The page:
Remember how we said the Radeon R7 360 is good for strict budgets? Well, the 950 for all intents and purposes is simply better as a mainstream choice, but still not tailored for completely maxed-out settings. With everything left at its default values for balance we started with 3DMark synthetic tests, beginning with the Sky Diver demonstration aimed for everyday cards. The scenes ran between 80fps-103.3fps for an average score 17,313 points, roughly 18% better than the R7 360. The more demanding Fire Strike test netted 5,573 at 15.3fps, also business as usual for a static step-up like this.

Real World Performance

Going through the games we play the most, the FTW ACX 2.0 does indeed play smoothly for 1080p resolutions, and in some cases run at 2560 x 1440 pixels — the catch is that most of the enhancements will have to be kept at a minimum or left alone entirely for everything except MOBA titles (DOTA 2, Starcraft 2). In this case, we tested Battlefield 4 as our median at a fairly consistent 43fps in 1080p, while 28fps was possible at Ultra settings. However, we found 27fps in 1440p with just standard settings middling. Grand Theft Auto 5 didn’t disappoint as a whole with 67fps/48fps (Ultra) and 41fps (1440p), quite frankly, GTA V was the better running game in our library overall.

For our last game we switched it up with Metal Gear Solid V: The Phantom Pain and found the performance locked at 61fps with enhancements checked off, while 1440p was adequate at 33fps. Obviously the GTX 950 has concrete limitations but has a still has an easier time obtaining the ideal 60 frame compared to the R7 360 and R7 370.

Everything else such as graphic design multitasking was mostly what we hoped for, specifically having Adobe Photoshop, Adobe Illustrator, and Corel Painter running all at once was possible with little slowdown. Much of this involved bumping up the resolution to Ultra HD (3840 x 2160) or actual 4K (4096 x 2160) where screen size is better optimized for actual workspace, but you’ll probably want to invest in a larger monitor to prevent squinting. Watching videos was also pleasing since 4K/60Hz comes standard either by DisplayPort or HDMI with no tearing or signal blackout, the only obstacle now is content worthy of watching regularly.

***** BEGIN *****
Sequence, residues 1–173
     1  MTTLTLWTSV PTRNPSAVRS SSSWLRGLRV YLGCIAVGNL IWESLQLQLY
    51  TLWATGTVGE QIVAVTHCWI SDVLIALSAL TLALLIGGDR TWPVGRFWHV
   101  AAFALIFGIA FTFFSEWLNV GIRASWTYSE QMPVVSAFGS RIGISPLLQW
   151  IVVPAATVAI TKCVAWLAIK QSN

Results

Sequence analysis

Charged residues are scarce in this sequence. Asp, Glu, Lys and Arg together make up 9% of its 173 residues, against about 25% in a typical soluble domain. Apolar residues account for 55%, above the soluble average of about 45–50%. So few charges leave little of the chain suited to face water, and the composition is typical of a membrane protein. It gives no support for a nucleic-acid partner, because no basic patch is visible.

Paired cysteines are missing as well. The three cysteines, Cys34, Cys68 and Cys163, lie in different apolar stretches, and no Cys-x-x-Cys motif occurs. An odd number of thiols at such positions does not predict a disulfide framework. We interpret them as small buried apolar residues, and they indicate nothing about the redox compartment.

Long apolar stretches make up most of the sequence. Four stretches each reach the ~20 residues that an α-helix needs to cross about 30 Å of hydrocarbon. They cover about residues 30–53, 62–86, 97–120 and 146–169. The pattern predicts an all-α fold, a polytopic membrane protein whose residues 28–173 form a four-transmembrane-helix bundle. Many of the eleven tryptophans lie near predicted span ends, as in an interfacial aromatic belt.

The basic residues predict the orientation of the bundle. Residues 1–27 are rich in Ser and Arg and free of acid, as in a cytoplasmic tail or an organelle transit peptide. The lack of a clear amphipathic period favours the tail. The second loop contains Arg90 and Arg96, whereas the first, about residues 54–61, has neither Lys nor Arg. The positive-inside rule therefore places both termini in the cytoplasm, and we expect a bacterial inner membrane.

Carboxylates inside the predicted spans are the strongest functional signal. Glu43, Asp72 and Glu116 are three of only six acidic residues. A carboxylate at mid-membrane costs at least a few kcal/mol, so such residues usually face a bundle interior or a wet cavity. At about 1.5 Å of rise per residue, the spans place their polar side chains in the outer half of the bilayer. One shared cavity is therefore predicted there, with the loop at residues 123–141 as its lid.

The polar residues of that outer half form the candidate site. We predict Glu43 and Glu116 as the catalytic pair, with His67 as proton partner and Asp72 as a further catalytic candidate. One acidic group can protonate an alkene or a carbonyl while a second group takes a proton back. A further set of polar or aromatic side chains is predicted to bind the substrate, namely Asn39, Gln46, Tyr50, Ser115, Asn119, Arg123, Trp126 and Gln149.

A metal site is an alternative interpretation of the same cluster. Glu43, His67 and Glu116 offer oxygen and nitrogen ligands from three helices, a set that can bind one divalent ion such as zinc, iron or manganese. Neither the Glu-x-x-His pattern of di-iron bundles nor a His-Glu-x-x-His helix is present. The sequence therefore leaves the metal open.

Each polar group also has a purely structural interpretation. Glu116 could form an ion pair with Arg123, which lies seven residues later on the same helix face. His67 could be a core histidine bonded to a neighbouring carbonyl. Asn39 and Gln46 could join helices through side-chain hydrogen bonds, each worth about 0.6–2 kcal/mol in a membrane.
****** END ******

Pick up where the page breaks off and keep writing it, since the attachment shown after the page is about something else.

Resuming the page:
The realistic needs and interpretations of current graphics cards is what the GTX 950 brings to the table. It looks like the real deal, can theoretically do 1440p, and subtly pushes the existing Maxwell architecture to new heights of capability — unless you’re unable to ignore the market hierarchy the GTX 950 systematically fills.

It doesn’t help that this tier of GPU is at the bottom of Nvidia’s current family, nor that its fellow step-up GTX 960 seems like this card’s biggest competition, despite the marginal increases in performance and the price for minor privileges. The notion that ‘more is better’ to the typical buyer and the 2GB of GDDR5 VRAM is another significant blow to the GTX 950’s appeal too, when 4GB has effectively become the attractive norm in a cutthroat market.

Despite these caveats, EVGA and their GeForce GTX 950 FTW Gaming ACX 2.0 Graphics Card is an acceptable pick, basically the unofficial People’s Choice of video cards right now. But keep in mind this is an easy recommendation if your aim is on the MOBA genre or you’re not totally fixated on the unqualified best-spec’d for right now.

About the Author: Herman Exum